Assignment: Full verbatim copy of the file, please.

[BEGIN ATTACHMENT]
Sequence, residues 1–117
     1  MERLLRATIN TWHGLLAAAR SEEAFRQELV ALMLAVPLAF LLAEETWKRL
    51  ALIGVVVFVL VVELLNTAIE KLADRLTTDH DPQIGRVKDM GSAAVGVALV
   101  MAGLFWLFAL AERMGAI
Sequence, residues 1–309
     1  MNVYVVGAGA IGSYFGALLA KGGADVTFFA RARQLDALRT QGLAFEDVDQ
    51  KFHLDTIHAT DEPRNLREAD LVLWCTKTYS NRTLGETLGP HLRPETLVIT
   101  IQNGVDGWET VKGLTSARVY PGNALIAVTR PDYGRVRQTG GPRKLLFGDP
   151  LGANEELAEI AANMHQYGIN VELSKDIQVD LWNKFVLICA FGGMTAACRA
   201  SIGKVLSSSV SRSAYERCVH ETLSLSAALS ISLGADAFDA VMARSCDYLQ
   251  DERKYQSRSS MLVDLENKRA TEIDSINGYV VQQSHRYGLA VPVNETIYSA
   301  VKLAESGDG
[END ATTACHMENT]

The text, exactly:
Sequence, residues 1–117
     1  MERLLRATIN TWHGLLAAAR SEEAFRQELV ALMLAVPLAF LLAEETWKRL
    51  ALIGVVVFVL VVELLNTAIE KLADRLTTDH DPQIGRVKDM GSAAVGVALV
   101  MAGLFWLFAL AERMGAI
Sequence, residues 1–309
     1  MNVYVVGAGA IGSYFGALLA KGGADVTFFA RARQLDALRT QGLAFEDVDQ
    51  KFHLDTIHAT DEPRNLREAD LVLWCTKTYS NRTLGETLGP HLRPETLVIT
   101  IQNGVDGWET VKGLTSARVY PGNALIAVTR PDYGRVRQTG GPRKLLFGDP
   151  LGANEELAEI AANMHQYGIN VELSKDIQVD LWNKFVLICA FGGMTAACRA
   201  SIGKVLSSSV SRSAYERCVH ETLSLSAALS ISLGADAFDA VMARSCDYLQ
   251  DERKYQSRSS MLVDLENKRA TEIDSINGYV VQQSHRYGLA VPVNETIYSA
   301  VKLAESGDG